When this environment was simulated on a well of volume 1 nL, a shift in the activation time occurred corresponding to running the system in a well orders of magnitude greater than 100 nL. This model demonstrates that with the amount of LuxR that is present in the system, the combined effect of LuxR capturing AHL and the diffusion rate of AHL out of the doughnut is sufficient to not change the activation time of the system in that domain. In the bulk, on the other hand, due to the absence of this slower diffusion coefficient, the activation of the system is delayed.

  • Figure 9A. Spatiotemportal plot GFP per cell with flow (click to view animation)
  • Figure 9B. Spatiotemportal plot AHL per cell with flow (click to view animation)

Full Model

An AND gate of the signals

When the lactate and AHL modules are combined, including the effects of AHL and lactate diffusion, lactate capture, and E. coli population growth, the response of the system on its two inputs in this more accurate model can be assessed. Rather than representing the two inputs as continuous variables as shown in the compartment model, they are represented in four discrete states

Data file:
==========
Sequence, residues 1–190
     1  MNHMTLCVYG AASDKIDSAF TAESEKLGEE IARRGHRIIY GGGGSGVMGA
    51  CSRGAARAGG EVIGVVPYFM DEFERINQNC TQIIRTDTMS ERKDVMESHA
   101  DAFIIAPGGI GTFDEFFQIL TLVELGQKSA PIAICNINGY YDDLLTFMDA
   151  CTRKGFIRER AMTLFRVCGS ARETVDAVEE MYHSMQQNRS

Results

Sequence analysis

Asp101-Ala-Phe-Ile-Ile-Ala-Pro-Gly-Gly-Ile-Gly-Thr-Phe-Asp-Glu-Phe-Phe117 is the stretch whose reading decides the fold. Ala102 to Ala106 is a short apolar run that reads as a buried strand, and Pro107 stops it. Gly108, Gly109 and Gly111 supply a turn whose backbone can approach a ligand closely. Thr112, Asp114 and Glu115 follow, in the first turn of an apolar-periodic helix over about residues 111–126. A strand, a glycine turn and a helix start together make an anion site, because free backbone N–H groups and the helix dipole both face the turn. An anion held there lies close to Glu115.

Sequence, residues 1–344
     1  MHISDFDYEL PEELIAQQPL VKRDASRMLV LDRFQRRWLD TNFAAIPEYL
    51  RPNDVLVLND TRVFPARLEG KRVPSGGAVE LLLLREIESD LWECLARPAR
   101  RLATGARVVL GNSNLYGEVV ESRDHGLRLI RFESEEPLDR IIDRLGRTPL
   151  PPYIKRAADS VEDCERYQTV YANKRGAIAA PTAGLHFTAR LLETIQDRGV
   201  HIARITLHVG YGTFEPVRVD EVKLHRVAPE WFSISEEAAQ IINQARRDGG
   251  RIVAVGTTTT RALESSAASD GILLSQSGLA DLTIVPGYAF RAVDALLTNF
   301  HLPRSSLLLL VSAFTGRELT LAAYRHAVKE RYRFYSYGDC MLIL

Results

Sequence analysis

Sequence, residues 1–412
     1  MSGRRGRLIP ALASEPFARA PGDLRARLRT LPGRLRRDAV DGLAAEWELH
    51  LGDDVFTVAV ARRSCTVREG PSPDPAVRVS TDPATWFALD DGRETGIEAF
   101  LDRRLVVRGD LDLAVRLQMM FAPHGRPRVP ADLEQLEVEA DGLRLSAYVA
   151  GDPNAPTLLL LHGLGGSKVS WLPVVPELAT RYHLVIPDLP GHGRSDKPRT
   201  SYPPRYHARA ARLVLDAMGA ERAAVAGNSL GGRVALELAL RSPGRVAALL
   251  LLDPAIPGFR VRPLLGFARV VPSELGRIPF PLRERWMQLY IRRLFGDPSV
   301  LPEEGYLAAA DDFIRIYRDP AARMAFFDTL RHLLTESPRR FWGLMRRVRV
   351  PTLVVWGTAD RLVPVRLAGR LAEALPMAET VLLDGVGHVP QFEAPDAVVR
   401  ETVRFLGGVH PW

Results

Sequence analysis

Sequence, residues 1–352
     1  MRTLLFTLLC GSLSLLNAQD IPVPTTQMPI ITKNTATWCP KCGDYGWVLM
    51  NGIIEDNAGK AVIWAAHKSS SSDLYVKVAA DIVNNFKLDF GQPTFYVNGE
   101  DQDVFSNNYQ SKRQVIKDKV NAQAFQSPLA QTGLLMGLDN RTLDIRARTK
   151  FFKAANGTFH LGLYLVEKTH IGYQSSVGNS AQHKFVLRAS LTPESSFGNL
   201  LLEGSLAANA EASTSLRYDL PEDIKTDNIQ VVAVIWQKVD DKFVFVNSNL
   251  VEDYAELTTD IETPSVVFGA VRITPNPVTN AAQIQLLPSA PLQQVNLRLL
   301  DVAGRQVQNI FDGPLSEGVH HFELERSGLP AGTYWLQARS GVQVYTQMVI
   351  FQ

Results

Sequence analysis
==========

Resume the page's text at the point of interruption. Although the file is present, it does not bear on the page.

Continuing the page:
1. High lactate production rate (cancer cell), doughnut of bound bacteria (ON-ON)
  2. High lactate production rate, no binding of bacteria (ON-OFF)
  3. Normal lactate production rate (normal cell), doughnut of bound bacteria (OFF-ON)
  4. Normal lactate production rate, no binding of bacteria (OFF-OFF)

From figures 10 and 11, it is clear that the environment in which both signals are present triggers the system, whereas a delayed and lower-amplitude response is produced by the system in which the bacteria colocalize around a normal cell. Consistent with the results from the compartment model, the OFF-ON trial is an intermediate between the ON-ON and OFF-OFF states.

  • Figure 10. Spatiotemporal plot of GFP production in the doughnut and the bulk (click to view the animation)
  • Figure 11. Plot of GFP production in the four test cases. The OFF-ON case is an intermediate between the ON-ON and OFF-OFF case.

Concentrations detected by microscopy

All modeling results previously have reported the concentrations of the chemical species within a single cell in its respective environment, either in the doughnut or the bulk. However, when our detection system is implemented in a chip, the total concentration of GFP within a domain will be measured and not the per-cell concentration. This dilution effect of the apparent concentration means that reported concentrations in the bulk will differ from what has been simulated due to the low density of cells in the bulk.

When the concentration of GFP is corrected for this dilution effect, the signal ratio between the ON-ON and all other cases increased by a factor of 200.

  • A)
    ETH GFP ratios.eps.svg
  • B)
    ETH GFP ratios micro.eps.svg

Figure 12. Ratios of GFP concentration between the ON-ON trial and all others. A) Per-cell ratios B) Microscopy concentration ratios.

Simulation of the full model in a flow